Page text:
Provocateurs, raconteurs, even perhaps, saboteurs, long-time collaborators Maurizio Cattelan and Pierpaolo Ferrari construct surreal, often macabre images, of oversaturated degeneracy. Juxtaposing breasts with knives, thick spaghetti & blackened eyes, cactus phalluses & blood-smeared thighs – their unmistakable work can be found within Toiletpaper Magazine, the duoʼs cult photomontage biannual. Recent campaign work for Kenzo, Toiletpaper & tableware for New Yorkʼs MOMA aside, Cattelan and Ferrariʼs latest photography project, 1968: Radical Italian Furniture, is a kaleidoscopic journey through the Dakis Joannou Collection of Italian Radical Design furniture, developed in collaboration with the DESTE Foundation.
Mashing candy bars & coffee tables, waxed nymphs & ottomans, fetishists & fat credenzas, Cattelan and Ferrariʼs eclectic interpretation of Radical Design – that aesthetic school wholly opposed to the central reasoning behind just what exactly constitutes 'good design', makes for a deeply sensory excursion.
We spoke with the duo about séances, permanence, normalcy and the joys of ambiguity.
Dazed Digital: Lust, gluttony, greed & sloth all characterise a great deal of your work. Is that simply a fixation with excess, or a deeper meditation on the theologies of sin, consequence & morality?
Maurizio Cattelan & Pierpaolo Ferrari: Toiletpaper focuses on concepts that have always existed; think of Arcimboldo in the 16th century, photo-collages at the very beginning of photography. Or, the “exquisite corpse” working method; theyʼre all based on alienating ideasʼ associations. When a Toiletpaper image works well, it could appear trivial at first sight, but it might also reveal a second level, a symbolic interpretation. In some way, Toiletpaper images create new worlds, or open parallel ones. On the other hand, violence, sex, the grotesque & ironic, they have all been part of art for a long time – they are both antique yet contemporary issues.
DD: Surrealism, multiplicity, scatology, pornography & occasionally the macabre, also characterise much of your imagery. Can you describe your interest in the perverse/forbidden?
Maurizio Cattelan & Pierpaolo Ferrari: Itʼs more about what interests the viewers and this is what we like about the Toiletpaper images. If they are good enough, anyone can find different stories. We donʼt look for meaning; ambiguity makes them better, because every picture could live many lives. There are some people who see tenderness where others only see stuffed animals; you never can tell.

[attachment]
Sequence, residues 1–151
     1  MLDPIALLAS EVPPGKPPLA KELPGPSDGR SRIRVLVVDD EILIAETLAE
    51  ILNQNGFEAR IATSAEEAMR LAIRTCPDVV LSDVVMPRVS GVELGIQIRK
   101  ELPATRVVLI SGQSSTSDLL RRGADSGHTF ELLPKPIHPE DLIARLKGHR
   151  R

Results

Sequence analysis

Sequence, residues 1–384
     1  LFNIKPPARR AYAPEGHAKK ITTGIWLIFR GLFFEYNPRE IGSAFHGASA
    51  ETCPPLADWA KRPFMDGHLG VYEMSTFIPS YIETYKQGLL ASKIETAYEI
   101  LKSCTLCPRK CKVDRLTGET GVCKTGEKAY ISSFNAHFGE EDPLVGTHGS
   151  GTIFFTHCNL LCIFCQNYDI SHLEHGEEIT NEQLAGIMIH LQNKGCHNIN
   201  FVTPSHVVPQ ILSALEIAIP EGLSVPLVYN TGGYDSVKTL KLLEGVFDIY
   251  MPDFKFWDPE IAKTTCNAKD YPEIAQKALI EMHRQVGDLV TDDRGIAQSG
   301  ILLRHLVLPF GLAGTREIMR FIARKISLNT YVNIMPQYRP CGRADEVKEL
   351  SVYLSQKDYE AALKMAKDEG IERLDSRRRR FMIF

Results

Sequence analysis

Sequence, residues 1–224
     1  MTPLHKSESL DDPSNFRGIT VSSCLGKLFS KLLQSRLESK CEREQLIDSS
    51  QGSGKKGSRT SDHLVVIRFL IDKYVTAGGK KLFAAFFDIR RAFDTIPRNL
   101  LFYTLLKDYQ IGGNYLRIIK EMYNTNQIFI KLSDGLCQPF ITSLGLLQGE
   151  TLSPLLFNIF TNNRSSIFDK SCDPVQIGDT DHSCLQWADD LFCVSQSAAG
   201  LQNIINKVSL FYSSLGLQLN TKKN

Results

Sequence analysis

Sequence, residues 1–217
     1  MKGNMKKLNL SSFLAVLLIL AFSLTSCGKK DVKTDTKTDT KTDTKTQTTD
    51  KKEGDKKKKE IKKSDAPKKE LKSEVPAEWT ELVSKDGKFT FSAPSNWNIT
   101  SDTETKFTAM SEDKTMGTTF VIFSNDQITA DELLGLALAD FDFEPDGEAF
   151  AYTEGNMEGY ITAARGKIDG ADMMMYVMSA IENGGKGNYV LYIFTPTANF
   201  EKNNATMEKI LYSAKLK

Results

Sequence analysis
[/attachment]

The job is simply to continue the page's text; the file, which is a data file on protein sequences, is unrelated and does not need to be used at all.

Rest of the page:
“We would like to evoke familiarity and disgust at the same time. We desire to bring seemingly normal situations to their very extreme.” – Cattelan and Ferrari
DD: What do you consider the role or purpose of provocation within art?
Maurizio Cattelan & Pierpaolo Ferrari: Itʼs like when you're telling a joke, but no one laughs: most of the time, provocation lies in the eye of the beholder. We would like to evoke familiarity and disgust at the same time. We desire to bring seemingly normal situations to their very extreme.
DD: You recently began creating campaign work for fashion house Kenzo. What do you think about the intersection of art and fashion?
Maurizio Cattelan & Pierpaolo Ferrari: Weʼre fascinated by the overlapping between these two areas, so when Carol & Humberto (Kenzoʼs Creative Directors) asked us to ideate their campaign we felt very lucky: it's not that common to find people that like Toiletpaper so much that they want to use it so widely. We thought that a fashion campaign for Kenzo would be a great opportunity to circulate our images in a new way, and test their strength once more.
DD: Oversaturated colour and highly visceral imagery characterise all of your work. Are these attempts to move beyond the limited dimensionality of print, given Cattelanʼs sculptural tradition and Ferrariʼs photographic one?
Maurizio Cattelan & Pierpaolo Ferrari: Our work has always been about the power of images: if they work, they can last for centuries. Itʼs the possibility of permanence that interests us; whether it's a few seconds or eternity it doesnʼt matter. What matters is to "impress" someone elseʼs mind. Somehow itʼs like possessing it, even if only for a moment.
DD: Elements of Dadaism, Surrealism, idolatry & post-modernism all recur within your imagery. What should audiences draw from your elaborate scenes and stream-of-consciousness constructions?
Maurizio Cattelan & Pierpaolo Ferrari: What we do is extremely simple; we treat the familiar as unfamiliar. This allows us to draw out the absurdity in our world; what has been hidden in normality is exposed, it brings surprise and when surprise mixes with the absurd it usually results in humour.
DD: Tell us about your forthcoming new monograph 1968: Radical Italian Furniture?
Maurizio Cattelan & Pierpaolo Ferrari: Shooting it was like being in a vast playground filled with expensive & delicate toys. Something magical was going on there, a world of inanimate objects started to flow & hybridise, encouraged by the Toiletpaper spirit. Those 1968 objects ensured the future by doing it: the book will give them a chance to live in the future theyʼve built.
Maurizio Cattelan & Pierpaolo Ferrariʼs latest work, 1968: Radical Italian Furniture, is available April 2014, through DAP in the U.S. & Walther Koening in Europe.